These West Coast Brands Are Shifting to Produce Face Masks for Essential Workers
These West Coast brands are doing their part to produce masks and medical gear for front line responders.
The rapid spread of COVID-19 has caused a nation-wide shortage of face masks for essential workers, as well as the general public. But these Western-based brands are doing their part to produce face masks for hospitals and frontline responders.
San Francisco-based Gap Inc. is using its factory resources to make and donate protective gear to healthcare workers, including face masks, gowns, and scrubs. At this time, Gap Inc. is not selling masks to the general public.
Gap Inc. and Gap Foundation continue to find ways to support communities in need and the heroes on the front lines. pic.twitter.com/S5n0udfypR— Gap Inc. (@GapInc) March 27, 2020
Citizens of Humanity
Los Angeles-based denim brand, Citizens of Humanity, has repurposed it’s sewing warehouse to produce masks for hospitals, healthcare workers, and children’s advocacy groups. The brand had begun to produce masks for a broader public, but due to the overwhelming response they’ve decided to use their limited resources for frontline responders.
In Washington, Eddie Bauer has shifted their production to make 20,000 masks, including 5,000 critically-needed N95s, for local hospitals and medical workers.
Los Angeles Apparel
Dov Charney’s Los Angeles Apparel is making making masks in their Los Angeles-based factory. The 3-pack face mask ($30) are available to the general public, and features an adjustable nose and straps. Funds from purchases allow the company to donate masks to healthcare workers. Their goal is to produce 300,00 masks and 50,000 gowns in a week.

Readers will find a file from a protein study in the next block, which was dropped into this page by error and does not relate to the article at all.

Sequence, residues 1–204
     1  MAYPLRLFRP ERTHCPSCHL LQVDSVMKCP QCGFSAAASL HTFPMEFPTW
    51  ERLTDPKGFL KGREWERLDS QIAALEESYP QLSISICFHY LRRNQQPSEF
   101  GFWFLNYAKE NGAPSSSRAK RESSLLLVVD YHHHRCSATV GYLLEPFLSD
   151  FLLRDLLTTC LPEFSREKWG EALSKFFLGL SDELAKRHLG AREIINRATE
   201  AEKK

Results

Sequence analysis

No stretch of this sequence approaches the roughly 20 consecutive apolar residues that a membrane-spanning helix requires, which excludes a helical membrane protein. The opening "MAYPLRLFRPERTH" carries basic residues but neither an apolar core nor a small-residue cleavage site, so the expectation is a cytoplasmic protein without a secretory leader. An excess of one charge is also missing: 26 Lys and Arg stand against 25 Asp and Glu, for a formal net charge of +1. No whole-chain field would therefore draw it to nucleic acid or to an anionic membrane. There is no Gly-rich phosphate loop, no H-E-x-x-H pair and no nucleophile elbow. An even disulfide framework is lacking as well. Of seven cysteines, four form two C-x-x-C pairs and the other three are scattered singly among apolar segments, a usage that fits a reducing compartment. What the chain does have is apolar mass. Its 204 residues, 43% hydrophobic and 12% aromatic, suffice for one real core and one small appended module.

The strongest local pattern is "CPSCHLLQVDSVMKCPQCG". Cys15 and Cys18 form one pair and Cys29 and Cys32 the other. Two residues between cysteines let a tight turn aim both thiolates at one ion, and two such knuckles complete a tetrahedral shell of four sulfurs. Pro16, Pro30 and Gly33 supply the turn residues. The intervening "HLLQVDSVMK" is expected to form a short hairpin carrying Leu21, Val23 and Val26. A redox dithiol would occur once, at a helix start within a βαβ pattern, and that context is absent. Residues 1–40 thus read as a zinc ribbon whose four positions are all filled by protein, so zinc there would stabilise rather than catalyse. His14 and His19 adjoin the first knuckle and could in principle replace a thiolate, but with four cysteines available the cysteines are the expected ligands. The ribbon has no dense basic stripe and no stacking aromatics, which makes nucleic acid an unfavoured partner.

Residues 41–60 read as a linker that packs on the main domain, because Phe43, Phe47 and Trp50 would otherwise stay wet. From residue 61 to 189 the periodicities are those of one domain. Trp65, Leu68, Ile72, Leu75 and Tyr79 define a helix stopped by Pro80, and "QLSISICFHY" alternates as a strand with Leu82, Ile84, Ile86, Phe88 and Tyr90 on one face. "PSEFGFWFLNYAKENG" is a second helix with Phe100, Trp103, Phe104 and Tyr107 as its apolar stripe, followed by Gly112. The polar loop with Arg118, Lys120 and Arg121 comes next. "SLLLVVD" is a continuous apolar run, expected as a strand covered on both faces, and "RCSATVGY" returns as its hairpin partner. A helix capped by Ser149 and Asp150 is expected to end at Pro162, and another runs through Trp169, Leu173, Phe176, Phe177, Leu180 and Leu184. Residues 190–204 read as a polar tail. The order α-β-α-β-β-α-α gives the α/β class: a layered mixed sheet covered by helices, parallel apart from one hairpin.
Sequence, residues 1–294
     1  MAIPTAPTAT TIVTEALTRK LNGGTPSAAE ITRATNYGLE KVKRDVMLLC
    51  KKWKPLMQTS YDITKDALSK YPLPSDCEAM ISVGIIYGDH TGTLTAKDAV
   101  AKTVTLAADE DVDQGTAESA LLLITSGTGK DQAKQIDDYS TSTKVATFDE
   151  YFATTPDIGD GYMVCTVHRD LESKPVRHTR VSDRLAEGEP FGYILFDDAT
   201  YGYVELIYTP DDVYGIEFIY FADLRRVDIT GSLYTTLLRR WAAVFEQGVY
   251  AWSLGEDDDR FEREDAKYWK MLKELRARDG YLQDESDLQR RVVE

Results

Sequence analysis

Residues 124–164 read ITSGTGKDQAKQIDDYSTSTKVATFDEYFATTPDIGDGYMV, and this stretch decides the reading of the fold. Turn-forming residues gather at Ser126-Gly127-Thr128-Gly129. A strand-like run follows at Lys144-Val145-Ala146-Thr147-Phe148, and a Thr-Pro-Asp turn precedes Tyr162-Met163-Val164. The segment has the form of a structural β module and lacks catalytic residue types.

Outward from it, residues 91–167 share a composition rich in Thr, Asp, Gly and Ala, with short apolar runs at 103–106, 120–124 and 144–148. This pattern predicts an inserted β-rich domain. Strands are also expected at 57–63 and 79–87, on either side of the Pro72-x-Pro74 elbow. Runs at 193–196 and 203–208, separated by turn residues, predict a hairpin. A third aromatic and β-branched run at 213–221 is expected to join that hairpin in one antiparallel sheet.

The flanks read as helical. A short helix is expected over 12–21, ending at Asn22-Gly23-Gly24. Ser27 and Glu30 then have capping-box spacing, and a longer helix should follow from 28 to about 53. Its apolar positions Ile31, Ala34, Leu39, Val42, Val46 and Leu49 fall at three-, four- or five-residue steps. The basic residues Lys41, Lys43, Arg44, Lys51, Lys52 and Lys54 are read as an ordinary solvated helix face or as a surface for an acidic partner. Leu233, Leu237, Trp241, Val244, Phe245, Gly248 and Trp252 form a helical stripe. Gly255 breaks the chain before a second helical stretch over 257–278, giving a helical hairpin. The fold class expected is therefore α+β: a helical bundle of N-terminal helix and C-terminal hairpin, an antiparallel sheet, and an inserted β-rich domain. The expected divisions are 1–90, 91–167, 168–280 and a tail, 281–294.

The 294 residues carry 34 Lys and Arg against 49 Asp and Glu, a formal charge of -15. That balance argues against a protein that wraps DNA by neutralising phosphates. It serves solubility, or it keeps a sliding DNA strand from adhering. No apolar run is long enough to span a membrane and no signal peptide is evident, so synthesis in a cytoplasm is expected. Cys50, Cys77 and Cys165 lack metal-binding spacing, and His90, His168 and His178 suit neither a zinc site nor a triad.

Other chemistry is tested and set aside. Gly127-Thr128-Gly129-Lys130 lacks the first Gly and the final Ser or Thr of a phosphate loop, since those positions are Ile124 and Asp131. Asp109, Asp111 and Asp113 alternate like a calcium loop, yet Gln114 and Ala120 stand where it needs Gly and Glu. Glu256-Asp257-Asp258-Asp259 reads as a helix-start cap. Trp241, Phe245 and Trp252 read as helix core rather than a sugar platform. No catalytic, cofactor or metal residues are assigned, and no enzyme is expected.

Hedley & Bennett
Beloved apron company, Hedley & Bennet, has overhauled their entire production to sew reusable masks for essential workers, including healthcare and food service employees. To meet the demand for masks the Vernon, CA brand has implemented a BUY 1 – GIVE 1 program. While these masks are not a direct substitutes for N95 or surgical masks, they’ve been designed to be used with a filter, such as a HEPA filter, and includes easy-to-navigate instructions.
Popular fashion brand, Reformation, has partnered with The City of Los Angeles and Mayor Eric Garcetti on LA Protects, an initiative to organize local manufacturers to make five million non-medical masks. Consumers can purchase a 5-pack of non-medical face masks for $25 (which currently has a waitlist) or choose to donate a 5-pack of non-medical face masks ($25) to communities in need, including essential workers.
Small businesses are also getting involved. Ventura-based RAT BOI has launched their N95 Mask Alternative Project, which aims to sew cloth masks for at-risk communities and essential workers. Due to the severity of the need for essential workers, masks are not be available to purchase for the general public, and will only be available on a donation basis to healthcare professionals and grocery employees.
For more information on face mask and cloth coverings to help slow the spread of COVID-19, visit www.cdc.gov/coronavirus